Travelling Towards Home

11 06 2011

Travelling Towards Home: mobilities and home making

Date: 23 & 24 June 2011, 10:00 AM – 5:00 PM

Venue: Russell Square: College Buildings

Room: Khalili Lecture Theatre

For more information & to Register

This conference aims to stimulate the use of notions of home and home making as ethnographic and theoretical lenses through which to view aspects of the relation between global migrations (of all kinds, including tourism) and trans-national identities.

Rapport and Overing (2007) identify home as a ‘key concept’ in social anthropology central to questions of identity. They further argue that, given a world shaped by migration, both concepts need defining in a way “that transcends traditional definitions of identity in terms of locality, ethnicity, religiosity, and/or nationality and is sensitive to allocations of identity which may be multiple, situational, individual, and paradoxical” (176).

Throughout the 1990s and 2000s there has been a consistent stream of writings on the theme of the relation between mobility and the idea of home which have moved beyond traditional anthropological boundaries: Mack (1991) and Bammer (1992) on the theoretical possibilities of the term home in a globally mobile world, Robertson’s (1994) collection of travellers’ tales about displacement and loss of home, Kain (1997) and Kheter (2001) on leaving home in South Asia and Lebanon respectively, Levitt and Waters (2002) on how migration has challenged traditional meanings of home, Long and Oxfield (2004) on refugees and ideas of home, Walters (2005) on home and diasporas in black writing, and others. However, Aguilar’s (2002:24) contention that “ubiquitous in the migration literature, ‘home’ and ‘family’ are words that appear self-evident but, on reflection, signal a domain of problematic assumptions, methodological complexities, and hegemonic discourses and ideologies .. magnified by processes of movement and displacement” still has considerable traction today.

This conference thus sets out to respond both to the considerable and growing general interest in the relation between mobilities and ideas of home but also to the uneven and arguably thin engagement with the field within the social sciences. We hope to generate a research framework capable of grasping the theoretical and analytical possibilities that the relation between home and mobility promises.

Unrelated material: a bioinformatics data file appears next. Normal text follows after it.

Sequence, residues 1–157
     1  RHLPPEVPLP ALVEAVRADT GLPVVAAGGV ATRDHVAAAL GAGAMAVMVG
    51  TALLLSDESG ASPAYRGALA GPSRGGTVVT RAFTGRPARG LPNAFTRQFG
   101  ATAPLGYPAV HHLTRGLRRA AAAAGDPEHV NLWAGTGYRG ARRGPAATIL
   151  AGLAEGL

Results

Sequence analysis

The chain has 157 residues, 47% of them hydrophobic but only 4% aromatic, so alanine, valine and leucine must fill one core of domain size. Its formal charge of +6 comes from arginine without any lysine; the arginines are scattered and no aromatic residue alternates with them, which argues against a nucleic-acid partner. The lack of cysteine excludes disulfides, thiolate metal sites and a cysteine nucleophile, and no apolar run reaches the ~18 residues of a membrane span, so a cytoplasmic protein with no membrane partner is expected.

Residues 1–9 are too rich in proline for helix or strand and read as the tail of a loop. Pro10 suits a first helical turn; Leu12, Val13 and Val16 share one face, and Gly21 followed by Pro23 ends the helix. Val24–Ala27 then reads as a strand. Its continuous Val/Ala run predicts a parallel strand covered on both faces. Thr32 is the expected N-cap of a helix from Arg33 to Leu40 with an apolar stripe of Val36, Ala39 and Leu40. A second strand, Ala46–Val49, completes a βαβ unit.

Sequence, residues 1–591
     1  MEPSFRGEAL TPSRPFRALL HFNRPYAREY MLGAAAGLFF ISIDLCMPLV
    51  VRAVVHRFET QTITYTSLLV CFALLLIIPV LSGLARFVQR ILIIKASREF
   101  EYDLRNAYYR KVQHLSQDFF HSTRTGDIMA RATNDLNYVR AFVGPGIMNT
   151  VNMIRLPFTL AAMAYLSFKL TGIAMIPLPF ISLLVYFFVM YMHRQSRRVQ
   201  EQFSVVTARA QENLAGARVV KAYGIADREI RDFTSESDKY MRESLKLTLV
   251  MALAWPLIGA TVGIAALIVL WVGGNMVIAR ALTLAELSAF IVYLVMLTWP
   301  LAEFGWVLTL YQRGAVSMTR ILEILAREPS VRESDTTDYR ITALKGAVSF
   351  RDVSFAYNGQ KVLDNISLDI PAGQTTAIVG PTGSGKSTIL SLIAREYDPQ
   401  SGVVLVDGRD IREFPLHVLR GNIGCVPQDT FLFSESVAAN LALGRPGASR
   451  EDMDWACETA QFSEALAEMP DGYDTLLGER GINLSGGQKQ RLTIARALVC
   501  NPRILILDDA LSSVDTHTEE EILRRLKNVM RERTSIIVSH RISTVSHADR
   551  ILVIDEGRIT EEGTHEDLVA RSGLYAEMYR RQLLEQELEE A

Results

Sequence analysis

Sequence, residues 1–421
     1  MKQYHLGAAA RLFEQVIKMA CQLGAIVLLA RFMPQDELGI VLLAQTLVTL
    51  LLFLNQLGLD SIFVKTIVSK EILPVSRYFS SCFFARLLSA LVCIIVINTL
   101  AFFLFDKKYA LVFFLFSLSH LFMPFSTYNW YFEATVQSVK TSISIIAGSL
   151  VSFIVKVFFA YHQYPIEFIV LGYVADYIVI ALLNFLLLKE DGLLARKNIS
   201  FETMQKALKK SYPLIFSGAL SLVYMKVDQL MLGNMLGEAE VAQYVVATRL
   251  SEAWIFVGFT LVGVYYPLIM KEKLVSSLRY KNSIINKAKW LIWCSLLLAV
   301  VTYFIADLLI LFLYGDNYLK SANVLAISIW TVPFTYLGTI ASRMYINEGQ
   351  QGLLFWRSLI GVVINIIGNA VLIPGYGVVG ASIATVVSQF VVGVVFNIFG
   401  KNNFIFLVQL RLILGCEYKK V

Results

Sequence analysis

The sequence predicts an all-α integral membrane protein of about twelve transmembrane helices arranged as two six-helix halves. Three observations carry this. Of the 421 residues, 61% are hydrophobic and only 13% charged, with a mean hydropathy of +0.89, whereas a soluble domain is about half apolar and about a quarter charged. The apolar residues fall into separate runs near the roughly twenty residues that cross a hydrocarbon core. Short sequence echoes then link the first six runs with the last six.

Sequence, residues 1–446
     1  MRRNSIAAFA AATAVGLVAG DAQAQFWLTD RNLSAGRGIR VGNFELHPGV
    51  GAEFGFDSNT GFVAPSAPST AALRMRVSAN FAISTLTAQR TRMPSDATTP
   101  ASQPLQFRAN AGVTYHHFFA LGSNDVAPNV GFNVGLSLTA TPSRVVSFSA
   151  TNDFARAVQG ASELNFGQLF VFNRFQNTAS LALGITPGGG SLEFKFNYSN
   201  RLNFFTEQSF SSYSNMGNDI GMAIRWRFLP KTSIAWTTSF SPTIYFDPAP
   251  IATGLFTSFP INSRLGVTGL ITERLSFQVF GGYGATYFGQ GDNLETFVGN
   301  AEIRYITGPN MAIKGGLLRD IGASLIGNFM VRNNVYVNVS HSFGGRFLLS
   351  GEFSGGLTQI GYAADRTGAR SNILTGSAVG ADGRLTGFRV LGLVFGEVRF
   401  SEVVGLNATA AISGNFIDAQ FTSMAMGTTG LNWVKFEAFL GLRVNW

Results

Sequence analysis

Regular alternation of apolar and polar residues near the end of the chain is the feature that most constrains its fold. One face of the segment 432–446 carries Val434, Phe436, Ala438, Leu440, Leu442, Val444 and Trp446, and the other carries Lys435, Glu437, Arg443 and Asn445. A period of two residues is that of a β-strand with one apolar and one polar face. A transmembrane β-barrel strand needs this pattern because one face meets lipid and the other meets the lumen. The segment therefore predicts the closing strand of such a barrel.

Conference organisers

Tom Selwyn, and Parvathi Raman,

Organiser: Jane & Rahima at the Centres & Programmes Office, SOAS



Yet Another Conference of Interest

20 05 2011

CfP: Ethnography, Diversity and Urban Space. 2011. September 22-23

COMPAS, University of Oxford, Oxford

Call for Papers:  Deadline 6 June 2011

The intensification of global flows in the current period has led scholars to describe cities like London as ‘super-diverse’: a ‘diversification of diversity’, with a population characterized by multiple ethnicities, countries of origin, immigration statuses, and age profiles (Vertovec 2007).

The aims of this conference to be held at COMPAS <>  (University of Oxford) on 22-23 September 2011 are: to address the missing dimension of migration and mobility in the literature on urban space, and the missing dimension of spatiality in the literature on diversity; and to develop new modes of inquiry appropriate to the contemporary challenge of super-diversity.

We invite proposals for papers which investigate aspects related to the conference themes and we welcome in particular proposals that focus on the following areas:

  • Understanding belonging and diversity in complex urban spaces
  • Changing practices of fieldwork and new and old modes of ethnographic investigation

Abstracts from early career researchers are especially welcome.  For full details, see:

Conferences Conferences

11 03 2011

‘Framing the City’ CRESC Annual Conference. 2011. September 6th- 9th

Royal Northern College of Music, Manchester

The CRESC annual conference 2011 takes the rubric of ‘framing’ to scrutinise the processes by which cities are conceptualised, realised, lived, ordered and depicted, disrupted, changed and contested. More than half of humanity now lives in urban areas and city processes affect the whole globe. The rates of growth, decay and transformation; the diversity, complexity and flows of population and activities, as well as the scale of problems and possibilities posed by city life are breathtaking. This conference seeks to bring together contemporary approaches to the descriptive and analytical challenges of thinking through processes of change in urban and city contexts. The conference takes the following themes as inspiration for a call for papers with confirmed plenary speakers as shown:

• CITY MATERIALITIES : (city objects, plans, designs, discourse, built environments, assemblages, archaeology, urban morphology, infrastructure, post-industrial regeneration, economies, mega events, spatiality …)

Plenary speakers: Professor Nikos Salingaros (University of Texas at San Antonio) and Dr Albena Yaneva (University of Manchester)

• CITY AFFECT:(the experiential, the senses, the auditory, passions, hopes, fears, violence, the imaginary, creative writing and literature …)

Plenary speakers: Iain Sinclair and Professor Alistair Bonnett (University of Newcastle)

• CITY ENVIRONMENTS : (sustainability, living and working environments, ecologies, city geographies, nature/culture, eco-cities …)